Section 230(c)(2)(a) is the main immunity clause and a focus of the current debate, specifically what is meant by “good faith” and “otherwise objectionable.” In law, good faith is an abstract and general term used to describe “sincere belief of motive without malice or the desire to defraud others.” The phrase “otherwise objectionable” is clearly a continuation of the preceding list containing “obscene,” “lewd,” “lascivious,” “filthy,” “excessively violent,” and “harassing.” Typically, “otherwise objectional” would be interpreted using the legal canon of construction ejusdem generis (“of the same kind”), meaning that content that a reasonable person would find offensive that is of the same kind as those described in the preceding list.
To put it simply, the main immunity clause intends to protect Internet companies from liability for removing material that a reasonable person would find objectionable, so long as it is done in a manner not intended to harm or to defraud others. Subsequent courts, however, have extended these protections well beyond their intended boundaries.
While the Supreme Court has declined to engage the meaning of Section 230, state and lower courts have consistently ruled that it offers a very broad liability shield. Often citing Section 230’s “findings” and “policy” sections, which call for a “vibrant and competitive free market” and “myriad avenues for intellectual activity,” these courts have built a strong First Amendment standard for interpreting the protections afforded to any company’s online presence.
Section 230 does not shield companies from federal laws against crimes such as trafficking in child pornography, drug trafficking, or terrorism; however, the courts’ broad interpretation has allowed websites, such as Backpage.com, to avoid liability for hosting “80 percent of the online advertising for illegal commercial sex in the United States.” Other examples, as catalogued by Danielle Citron and Benjamin Wittes, include the following:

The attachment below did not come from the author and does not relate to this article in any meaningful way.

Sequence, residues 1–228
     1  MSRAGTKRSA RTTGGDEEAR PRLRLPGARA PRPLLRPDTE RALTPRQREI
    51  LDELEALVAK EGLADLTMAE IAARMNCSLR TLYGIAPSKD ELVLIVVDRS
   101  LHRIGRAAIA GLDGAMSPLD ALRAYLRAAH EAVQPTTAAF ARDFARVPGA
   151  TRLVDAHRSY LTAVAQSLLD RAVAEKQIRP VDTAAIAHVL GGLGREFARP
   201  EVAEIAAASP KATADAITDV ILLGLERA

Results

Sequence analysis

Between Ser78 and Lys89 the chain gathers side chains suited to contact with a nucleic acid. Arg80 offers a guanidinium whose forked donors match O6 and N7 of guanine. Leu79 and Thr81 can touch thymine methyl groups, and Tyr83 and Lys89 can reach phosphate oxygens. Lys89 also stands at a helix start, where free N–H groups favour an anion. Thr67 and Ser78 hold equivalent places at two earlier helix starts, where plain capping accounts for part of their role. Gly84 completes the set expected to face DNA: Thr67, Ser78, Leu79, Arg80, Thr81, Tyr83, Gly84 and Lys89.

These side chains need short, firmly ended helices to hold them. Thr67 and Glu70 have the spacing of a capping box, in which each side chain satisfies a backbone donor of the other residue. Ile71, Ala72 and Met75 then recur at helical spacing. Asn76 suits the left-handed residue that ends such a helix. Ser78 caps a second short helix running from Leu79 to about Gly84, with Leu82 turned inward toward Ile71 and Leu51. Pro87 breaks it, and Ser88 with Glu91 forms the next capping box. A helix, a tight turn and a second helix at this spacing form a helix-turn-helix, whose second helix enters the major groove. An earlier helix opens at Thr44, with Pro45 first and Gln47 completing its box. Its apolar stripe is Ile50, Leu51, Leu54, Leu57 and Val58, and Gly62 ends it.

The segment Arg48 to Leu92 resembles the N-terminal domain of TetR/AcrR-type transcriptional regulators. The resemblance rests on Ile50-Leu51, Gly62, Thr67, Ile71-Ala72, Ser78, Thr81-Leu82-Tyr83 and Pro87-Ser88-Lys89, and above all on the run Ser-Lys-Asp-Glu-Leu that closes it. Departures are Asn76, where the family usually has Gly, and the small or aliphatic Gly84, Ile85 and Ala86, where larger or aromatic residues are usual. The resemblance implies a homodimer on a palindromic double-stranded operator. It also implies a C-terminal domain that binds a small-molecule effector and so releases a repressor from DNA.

- A “revenge porn” website devoted to posting nude images without consent;
- A gossip site collecting and disseminating “dirt” on private individuals;
- A message board knowingly facilitating illegal activity and refusing to collect information on that illegal activity;
- A website hosting sex-trade advertisements whose design and technical setup specifically prevented the detection of sex-trafficking; and
- A “hook-up” site that ignored more than 50 reports that one of its subscribers was impersonating another individual and falsely suggesting that individual’s interest in rough sex as part of a “rape fantasy,” resulting in hundreds of strangers confronting that person for sex at work and home.
Regarding the other liability provision in Section 230(c)(2)(b), Congress is clearly encouraging the removal of objectionable materials by encouraging the sharing of “technical means to restrict access to material described” in Section 230(c)(2)(a).
Section 230 is clearly intended to incentivize Internet companies and websites to proactively remove objectionable content by providing them with a liability shield from continuous and presumably frivolous lawsuits from aggrieved users. The statute’s vague language and subsequently broad judicial interpretations have, however, led to a situation where some Internet companies are overly insulated from accountability and are reasonably suspected of not meeting Section 230’s good faith standard.
This is why it is time to refine Section 230.
Why Section 230 Should Be Refined—Now
Section 230’s original intent of incentivizing and protecting the removal of obscene materials online continues to be good policy and a noble objective—thus, the statute should be maintained. But, the evolution of the Internet, and growing concerns about political bias online, require that the statute be clarified and refined. Specific proposed changes are provided in “Policy Recommendations” below; first, it is helpful to briefly explain why these changes are necessary now.